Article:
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Talking About Spiritual Experience

After seeing the ghost of his father, Hamlet tells Horatio, ‘There are more things in heaven and earth, Horatio, than are dreamt of in your philosophy.’[1]

 

Indeed.  People have all sorts of experiences that don’t make sense and cannot be explained by science or reason.  Very often, these events are experienced as spiritual, touching on matters beyond the everyday in ways that open up to other worlds, other dimensions, other possibilities, to the presence of God, angels or spirits, or to the presence of those who have died. This could be in terms of guidance, healing or supernatural promptings.

 

These things happen.  They just do.  Even when there is no room for them in Science, Reason, or Philosophy.

 

Let's Talk About It

 

People who have had these experiences often find it difficult to talk about them.  They doubt whether they will be believed or worry that they will be thought to be mad.  An impulse remains to talk about what has happened with someone they trust to make sense of what has happened and reflect on what this means.  People need to be heard, they need to be believed, and they need to find meaning.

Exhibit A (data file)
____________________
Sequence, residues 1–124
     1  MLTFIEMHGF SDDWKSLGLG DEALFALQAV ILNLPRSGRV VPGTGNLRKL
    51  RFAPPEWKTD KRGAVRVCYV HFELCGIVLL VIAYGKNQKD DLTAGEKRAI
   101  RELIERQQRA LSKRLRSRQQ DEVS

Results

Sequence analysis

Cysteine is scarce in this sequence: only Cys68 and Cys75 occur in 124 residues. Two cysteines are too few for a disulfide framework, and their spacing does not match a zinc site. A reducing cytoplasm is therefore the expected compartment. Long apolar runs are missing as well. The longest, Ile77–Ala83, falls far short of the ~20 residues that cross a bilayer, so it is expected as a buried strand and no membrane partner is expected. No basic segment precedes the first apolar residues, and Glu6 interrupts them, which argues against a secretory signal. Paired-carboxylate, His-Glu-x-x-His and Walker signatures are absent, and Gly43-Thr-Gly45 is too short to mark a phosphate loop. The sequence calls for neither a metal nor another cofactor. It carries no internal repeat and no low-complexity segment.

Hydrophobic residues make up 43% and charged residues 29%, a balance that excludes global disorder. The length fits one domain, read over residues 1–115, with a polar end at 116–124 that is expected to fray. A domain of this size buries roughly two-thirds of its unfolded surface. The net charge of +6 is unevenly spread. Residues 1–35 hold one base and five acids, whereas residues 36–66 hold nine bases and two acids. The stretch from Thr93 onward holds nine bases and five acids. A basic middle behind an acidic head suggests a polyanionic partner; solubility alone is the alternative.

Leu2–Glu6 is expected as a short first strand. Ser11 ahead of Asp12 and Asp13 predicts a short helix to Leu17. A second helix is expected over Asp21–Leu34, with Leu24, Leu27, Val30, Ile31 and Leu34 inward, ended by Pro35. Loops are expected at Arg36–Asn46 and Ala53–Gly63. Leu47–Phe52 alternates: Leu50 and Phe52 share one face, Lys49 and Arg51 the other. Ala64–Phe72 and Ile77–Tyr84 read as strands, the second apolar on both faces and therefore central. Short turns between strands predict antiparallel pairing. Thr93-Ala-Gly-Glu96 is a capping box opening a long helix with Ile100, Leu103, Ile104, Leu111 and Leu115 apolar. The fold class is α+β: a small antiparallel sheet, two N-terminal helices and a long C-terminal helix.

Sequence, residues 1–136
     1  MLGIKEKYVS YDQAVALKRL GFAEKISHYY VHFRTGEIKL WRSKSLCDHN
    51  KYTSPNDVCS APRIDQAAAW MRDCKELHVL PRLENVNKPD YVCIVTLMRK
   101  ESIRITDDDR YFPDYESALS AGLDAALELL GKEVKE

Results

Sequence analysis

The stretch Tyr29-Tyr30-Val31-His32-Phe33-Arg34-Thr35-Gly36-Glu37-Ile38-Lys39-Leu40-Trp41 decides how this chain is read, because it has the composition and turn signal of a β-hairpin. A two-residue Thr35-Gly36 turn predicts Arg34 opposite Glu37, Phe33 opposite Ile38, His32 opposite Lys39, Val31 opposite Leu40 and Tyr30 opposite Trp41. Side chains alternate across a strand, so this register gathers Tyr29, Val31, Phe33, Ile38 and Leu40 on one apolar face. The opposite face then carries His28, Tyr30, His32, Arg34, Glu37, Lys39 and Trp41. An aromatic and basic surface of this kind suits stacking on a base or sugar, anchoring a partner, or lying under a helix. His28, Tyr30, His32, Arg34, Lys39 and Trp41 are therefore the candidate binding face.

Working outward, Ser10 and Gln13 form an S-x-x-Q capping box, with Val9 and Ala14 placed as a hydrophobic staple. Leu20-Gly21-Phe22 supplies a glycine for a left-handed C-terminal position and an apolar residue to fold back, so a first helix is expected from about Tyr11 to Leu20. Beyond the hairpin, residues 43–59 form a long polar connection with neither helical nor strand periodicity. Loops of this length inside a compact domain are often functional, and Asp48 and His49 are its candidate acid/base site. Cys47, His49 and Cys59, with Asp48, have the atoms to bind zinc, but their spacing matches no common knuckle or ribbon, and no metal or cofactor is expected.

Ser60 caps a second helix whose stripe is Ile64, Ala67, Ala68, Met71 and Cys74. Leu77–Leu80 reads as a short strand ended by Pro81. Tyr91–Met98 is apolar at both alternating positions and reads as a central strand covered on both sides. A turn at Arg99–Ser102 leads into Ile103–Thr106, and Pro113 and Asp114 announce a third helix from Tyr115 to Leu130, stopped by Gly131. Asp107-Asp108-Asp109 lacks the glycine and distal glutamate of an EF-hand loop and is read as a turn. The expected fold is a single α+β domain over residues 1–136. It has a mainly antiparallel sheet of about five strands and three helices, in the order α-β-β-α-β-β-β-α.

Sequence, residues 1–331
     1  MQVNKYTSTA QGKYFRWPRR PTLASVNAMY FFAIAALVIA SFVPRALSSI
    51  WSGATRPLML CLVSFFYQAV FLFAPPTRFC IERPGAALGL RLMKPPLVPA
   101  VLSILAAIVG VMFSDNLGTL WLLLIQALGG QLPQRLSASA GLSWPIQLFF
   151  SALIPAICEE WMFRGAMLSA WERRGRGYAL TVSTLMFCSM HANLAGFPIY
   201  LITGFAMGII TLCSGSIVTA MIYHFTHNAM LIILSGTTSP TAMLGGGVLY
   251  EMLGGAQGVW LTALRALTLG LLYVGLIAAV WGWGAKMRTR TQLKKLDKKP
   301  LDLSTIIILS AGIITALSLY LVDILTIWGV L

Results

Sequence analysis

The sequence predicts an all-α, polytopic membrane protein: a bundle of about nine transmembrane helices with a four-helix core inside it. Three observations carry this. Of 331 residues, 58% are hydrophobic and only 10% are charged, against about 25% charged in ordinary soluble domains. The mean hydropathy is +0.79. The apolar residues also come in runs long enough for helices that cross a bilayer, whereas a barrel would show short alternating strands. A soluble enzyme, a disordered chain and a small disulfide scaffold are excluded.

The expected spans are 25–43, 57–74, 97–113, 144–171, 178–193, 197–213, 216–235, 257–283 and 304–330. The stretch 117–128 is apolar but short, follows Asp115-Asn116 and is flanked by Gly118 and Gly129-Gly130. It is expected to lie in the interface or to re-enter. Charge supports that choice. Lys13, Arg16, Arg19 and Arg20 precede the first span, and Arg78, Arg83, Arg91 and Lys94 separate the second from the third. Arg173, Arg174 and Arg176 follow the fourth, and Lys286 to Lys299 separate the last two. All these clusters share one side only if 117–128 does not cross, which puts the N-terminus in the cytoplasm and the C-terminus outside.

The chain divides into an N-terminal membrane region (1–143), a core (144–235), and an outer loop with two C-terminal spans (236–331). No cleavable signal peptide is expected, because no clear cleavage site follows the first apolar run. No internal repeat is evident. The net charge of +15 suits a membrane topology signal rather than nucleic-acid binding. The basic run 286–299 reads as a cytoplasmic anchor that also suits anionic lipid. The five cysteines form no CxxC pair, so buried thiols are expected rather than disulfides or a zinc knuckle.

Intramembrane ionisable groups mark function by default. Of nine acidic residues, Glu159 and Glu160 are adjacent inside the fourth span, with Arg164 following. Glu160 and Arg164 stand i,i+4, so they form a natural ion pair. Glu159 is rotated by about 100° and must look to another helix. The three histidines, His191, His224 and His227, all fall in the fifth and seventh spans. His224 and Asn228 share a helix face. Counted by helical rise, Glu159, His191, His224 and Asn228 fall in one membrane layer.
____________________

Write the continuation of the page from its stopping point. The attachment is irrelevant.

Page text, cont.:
Sometimes, people will approach a priest, minister, or a trusted leader in a church, to talk about their experience.  However, these approaches are not always welcomed.  The listener does not want to listen, is not willing to believe, and is unable to provide advice that satisfies and makes sense.  The person is left feeling belittled and unbelieved.  Their profound experience is dismissed as fantasy, or as an attempt to promote themselves spiritually.  

 

To addresses this dilemma, we have launched the Talking About Spiritual Experience project – for those who want to know how to listen to people who want to talk about their unearthly experiences, and for those who have a story to tell.

Opening Doors

Our conference marks the start of the campaign - and at the conference we will launch our book of the same name, which is primarily intended for clergy, ministers, Christian counsellors and spiritual advisors who might be entrusted with accounts of unusual spiritual experiences and who want to respond in a helpful manner - though we hope it will be of equal benefit to anyone who has an interest in these matters.

At the conference, we will hear from, Rev Dr Meg Gilley, who is the primary author and editor of the book. Also speaking is Dr Robert Gilbert, who will explore negative spiritual experiences, and Rev George Heinz, a Methodist minister, with his experiences and thoughts from the grassroots.

And in late October, we will launch our podcast - stories from those for whom their spiritual experiences have had a profound impact on their lives.

[1]  Shakespeare, Hamlet, Act 1, Scene 5, Line 168

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